(Funded in part by a grant from the Lumpkin Family Foundation)
Champaign's oldest residential neighborhood sits inside Church, Neil and Lynn streets.
Known as the Sesquicentennial Neighborhood, it’s also home to the Randolph Street Community Garden – one of 20,000 community gardens nationwide.
Community gardens are shared spaces where - residents can grow and harvest their own food .
Some community gardens charge a small rental fee and others, like this one, are rent free, though people are asked to donate $10 to offset a few expenses such as the portable, on-site restroom.
The garden is overseen by volunteer Dawn Blackman, who also runs Culture Club, a youth program at a church nearby.
“We have people who come to garden here who might not meet one another otherwise and who establish relationships and learn about because they are a part of the garden,” she said. “It also helps because so many people are I’m a renter, I don’t have a backyard, this is my backyard.”
Blackman became the garden’s steward in 2006 as a way to continue the club’s garden bed when the garden faced closure for lack of staff.
Today, she manages the garden beds, maintains equipment , organizes events and keeps up with the garden’s website.
The garden grew from 8 beds in 2006 to 32 beds today.
Neighbors near and far have staked claims on the beds.
Dawn’s youth group grows produce for the Eastern Illinois Food Bank and other social service agencies.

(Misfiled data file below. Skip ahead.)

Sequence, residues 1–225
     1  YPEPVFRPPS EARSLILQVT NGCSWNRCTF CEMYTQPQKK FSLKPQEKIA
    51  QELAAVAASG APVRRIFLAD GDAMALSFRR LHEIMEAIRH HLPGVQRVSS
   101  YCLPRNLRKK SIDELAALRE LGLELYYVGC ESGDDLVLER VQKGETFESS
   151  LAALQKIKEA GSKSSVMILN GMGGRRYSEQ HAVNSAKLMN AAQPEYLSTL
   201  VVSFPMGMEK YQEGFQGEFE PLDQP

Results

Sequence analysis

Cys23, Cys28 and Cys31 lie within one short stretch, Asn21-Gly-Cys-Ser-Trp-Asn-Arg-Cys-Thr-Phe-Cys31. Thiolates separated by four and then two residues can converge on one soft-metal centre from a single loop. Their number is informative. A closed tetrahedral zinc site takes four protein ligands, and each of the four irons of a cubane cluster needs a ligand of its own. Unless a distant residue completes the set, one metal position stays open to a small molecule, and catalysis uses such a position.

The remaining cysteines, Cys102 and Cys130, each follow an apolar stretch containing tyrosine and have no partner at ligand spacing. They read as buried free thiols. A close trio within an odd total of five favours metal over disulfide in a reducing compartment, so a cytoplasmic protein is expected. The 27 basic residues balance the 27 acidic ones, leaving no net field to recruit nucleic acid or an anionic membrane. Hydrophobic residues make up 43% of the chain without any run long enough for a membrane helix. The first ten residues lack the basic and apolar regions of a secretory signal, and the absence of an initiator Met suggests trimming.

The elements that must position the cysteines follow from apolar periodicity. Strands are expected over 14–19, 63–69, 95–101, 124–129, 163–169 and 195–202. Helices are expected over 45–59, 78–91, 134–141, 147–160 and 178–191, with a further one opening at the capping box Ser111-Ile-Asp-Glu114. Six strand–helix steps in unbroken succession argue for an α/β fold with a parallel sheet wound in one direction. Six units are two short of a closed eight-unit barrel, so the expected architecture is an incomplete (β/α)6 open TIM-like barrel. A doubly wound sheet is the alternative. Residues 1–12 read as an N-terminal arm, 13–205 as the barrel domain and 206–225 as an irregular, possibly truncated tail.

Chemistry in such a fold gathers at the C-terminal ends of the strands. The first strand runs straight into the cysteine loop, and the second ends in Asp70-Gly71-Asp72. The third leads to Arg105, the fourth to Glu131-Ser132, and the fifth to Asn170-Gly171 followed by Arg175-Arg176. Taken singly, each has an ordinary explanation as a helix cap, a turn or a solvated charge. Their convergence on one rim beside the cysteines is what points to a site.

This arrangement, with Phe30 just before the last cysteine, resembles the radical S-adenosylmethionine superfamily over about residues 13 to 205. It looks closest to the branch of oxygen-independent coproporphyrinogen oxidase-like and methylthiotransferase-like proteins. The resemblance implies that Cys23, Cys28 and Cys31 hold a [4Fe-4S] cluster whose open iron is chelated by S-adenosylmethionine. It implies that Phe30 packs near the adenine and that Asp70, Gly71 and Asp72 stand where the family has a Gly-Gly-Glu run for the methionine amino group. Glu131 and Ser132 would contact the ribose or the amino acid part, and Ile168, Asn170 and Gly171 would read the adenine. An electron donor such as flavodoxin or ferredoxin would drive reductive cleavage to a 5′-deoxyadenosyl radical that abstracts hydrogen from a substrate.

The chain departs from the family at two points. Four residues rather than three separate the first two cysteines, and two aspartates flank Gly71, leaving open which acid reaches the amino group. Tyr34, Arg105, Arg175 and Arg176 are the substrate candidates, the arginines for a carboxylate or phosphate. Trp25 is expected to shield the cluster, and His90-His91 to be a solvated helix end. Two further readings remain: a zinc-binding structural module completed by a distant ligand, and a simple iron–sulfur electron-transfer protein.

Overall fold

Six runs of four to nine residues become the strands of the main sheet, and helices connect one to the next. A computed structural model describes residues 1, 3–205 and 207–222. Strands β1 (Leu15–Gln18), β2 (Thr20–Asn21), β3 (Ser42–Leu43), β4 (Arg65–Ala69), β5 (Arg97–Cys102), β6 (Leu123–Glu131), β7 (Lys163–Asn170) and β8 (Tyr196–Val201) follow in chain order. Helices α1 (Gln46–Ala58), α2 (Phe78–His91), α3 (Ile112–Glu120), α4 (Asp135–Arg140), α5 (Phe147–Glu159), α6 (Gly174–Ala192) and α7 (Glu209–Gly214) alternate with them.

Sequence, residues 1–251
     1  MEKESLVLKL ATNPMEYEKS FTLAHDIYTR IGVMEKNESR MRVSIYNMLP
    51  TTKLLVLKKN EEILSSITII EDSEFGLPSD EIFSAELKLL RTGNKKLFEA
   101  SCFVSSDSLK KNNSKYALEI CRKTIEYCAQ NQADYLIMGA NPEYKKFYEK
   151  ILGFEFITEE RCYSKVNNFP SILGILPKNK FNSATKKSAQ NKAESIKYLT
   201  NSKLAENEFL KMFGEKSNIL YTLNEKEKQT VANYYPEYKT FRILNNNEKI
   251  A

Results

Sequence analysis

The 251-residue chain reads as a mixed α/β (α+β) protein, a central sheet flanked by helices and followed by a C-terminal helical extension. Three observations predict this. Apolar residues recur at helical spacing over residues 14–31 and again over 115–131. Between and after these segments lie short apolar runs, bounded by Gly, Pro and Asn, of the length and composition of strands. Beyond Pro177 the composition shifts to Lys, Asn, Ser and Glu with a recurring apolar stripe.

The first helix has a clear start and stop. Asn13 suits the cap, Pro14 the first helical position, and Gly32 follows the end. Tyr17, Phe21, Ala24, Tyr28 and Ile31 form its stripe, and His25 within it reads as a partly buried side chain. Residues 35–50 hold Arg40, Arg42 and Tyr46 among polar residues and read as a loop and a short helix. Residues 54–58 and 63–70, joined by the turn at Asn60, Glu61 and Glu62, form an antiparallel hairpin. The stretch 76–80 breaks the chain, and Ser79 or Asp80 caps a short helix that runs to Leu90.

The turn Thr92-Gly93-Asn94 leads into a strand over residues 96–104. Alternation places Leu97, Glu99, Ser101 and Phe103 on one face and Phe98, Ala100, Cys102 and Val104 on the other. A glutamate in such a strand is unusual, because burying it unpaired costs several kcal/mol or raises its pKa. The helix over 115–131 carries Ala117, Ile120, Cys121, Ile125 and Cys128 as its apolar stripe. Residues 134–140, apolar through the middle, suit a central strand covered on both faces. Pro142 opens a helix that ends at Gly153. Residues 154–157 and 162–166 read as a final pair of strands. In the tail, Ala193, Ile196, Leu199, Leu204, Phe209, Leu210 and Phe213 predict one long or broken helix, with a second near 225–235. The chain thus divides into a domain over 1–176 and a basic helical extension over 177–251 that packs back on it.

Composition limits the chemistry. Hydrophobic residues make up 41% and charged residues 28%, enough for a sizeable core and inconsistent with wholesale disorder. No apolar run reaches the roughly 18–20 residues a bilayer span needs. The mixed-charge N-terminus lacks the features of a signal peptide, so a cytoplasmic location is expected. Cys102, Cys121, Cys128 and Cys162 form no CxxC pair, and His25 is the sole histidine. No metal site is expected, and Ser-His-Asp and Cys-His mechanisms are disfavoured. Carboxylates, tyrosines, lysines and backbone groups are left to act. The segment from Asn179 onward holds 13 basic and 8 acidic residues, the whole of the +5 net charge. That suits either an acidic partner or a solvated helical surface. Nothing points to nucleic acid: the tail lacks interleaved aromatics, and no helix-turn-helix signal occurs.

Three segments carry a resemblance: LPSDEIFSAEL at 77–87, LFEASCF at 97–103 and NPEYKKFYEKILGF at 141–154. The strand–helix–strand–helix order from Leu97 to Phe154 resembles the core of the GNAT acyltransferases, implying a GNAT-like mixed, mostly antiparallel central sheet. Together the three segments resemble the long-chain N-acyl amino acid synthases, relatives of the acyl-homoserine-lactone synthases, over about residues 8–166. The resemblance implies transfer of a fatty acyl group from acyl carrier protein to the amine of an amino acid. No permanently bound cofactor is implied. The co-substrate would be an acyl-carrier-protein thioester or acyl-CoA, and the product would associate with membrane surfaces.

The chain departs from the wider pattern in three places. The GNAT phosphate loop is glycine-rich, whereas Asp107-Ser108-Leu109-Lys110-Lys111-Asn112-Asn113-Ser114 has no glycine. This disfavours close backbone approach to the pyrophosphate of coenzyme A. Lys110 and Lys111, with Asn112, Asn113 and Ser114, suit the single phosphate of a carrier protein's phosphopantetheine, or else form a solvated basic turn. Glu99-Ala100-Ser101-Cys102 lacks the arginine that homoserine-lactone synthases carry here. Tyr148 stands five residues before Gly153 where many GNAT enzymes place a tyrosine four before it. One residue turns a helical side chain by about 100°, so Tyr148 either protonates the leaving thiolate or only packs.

Children from the Culture Club meet once a week to get a lesson in cooking and sharing.
Earlier this spring, children piled into the Church of the Bretheren building on nearby Neil Street for their weekly cooking session.
They donned paper hats and aprons and got busy chopping and dicing the produce that Dawn Blackman had ready for them.
It was soup day – last year, the group made more than 100 containers of soup.
“Well, today is Thursday. And on Thursday, any of the children who drop in to the Culture Club make soup for the Time Center," Blackman said. "We do this as our regular Thursday activity. In the summertime, we use the vegetables from our garden. In the winter time we have to go with canned and produce that we get from Eastern Illinois Food Bank. We want to learn, we want to teach the children is that there are people who need help and there are things that they can do to help people."
The kids move around the kitchen with ease and seem reluctant to move out.
The weekly cooking sessions too have more than one lesson.
“They’re learning skills they’ll be able to take forward with them in life. And they’re learning things that they can do at home,” Blackman said. “By the end of the season, they’ve made almost every kind of soup imaginable. And they can make them at home. And we’re not doing recipe soup where they have to do everything fine tuned. It’s not gourmet soup, but it’s really good soup.”
Between growing produce and cooking it, the kids are adding something else to the list: selling it.
Last year, they sold their first cash crop in front of a fish market down the street. The children who helped sell produce were allowed to keep 20 percent of their sales.
“My goal is to have a cash crop for the garden so the money goes to build new beds when we need new beds, replace new tools, get hoses,” Blackman said.
At the Randolph Street Garden, five-year-old Cody Sweet is learning to plant sunflowers. His mother, Clara, said that the garden grows more than food.
“I would say again with the giving and the receiving part of it, helping each other and helping his friends … and dig in the mud and get dirty if they’re not really used to getting dirty and just being able to help each other and learn from each other, pretty good life lessons,” she said.